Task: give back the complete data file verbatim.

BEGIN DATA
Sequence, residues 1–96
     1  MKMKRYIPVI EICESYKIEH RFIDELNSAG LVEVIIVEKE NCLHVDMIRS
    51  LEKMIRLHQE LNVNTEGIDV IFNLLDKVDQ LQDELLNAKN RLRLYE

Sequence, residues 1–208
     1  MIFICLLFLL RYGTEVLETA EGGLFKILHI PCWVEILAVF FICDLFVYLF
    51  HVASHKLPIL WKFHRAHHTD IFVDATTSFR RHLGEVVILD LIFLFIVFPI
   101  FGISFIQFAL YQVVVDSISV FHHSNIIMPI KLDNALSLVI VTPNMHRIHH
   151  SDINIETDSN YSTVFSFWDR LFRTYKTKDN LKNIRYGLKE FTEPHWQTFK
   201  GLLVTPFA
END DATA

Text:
Sequence, residues 1–96
     1  MKMKRYIPVI EICESYKIEH RFIDELNSAG LVEVIIVEKE NCLHVDMIRS
    51  LEKMIRLHQE LNVNTEGIDV IFNLLDKVDQ LQDELLNAKN RLRLYE

Sequence, residues 1–208
     1  MIFICLLFLL RYGTEVLETA EGGLFKILHI PCWVEILAVF FICDLFVYLF
    51  HVASHKLPIL WKFHRAHHTD IFVDATTSFR RHLGEVVILD LIFLFIVFPI
   101  FGISFIQFAL YQVVVDSISV FHHSNIIMPI KLDNALSLVI VTPNMHRIHH
   151  SDINIETDSN YSTVFSFWDR LFRTYKTKDN LKNIRYGLKE FTEPHWQTFK
   201  GLLVTPFA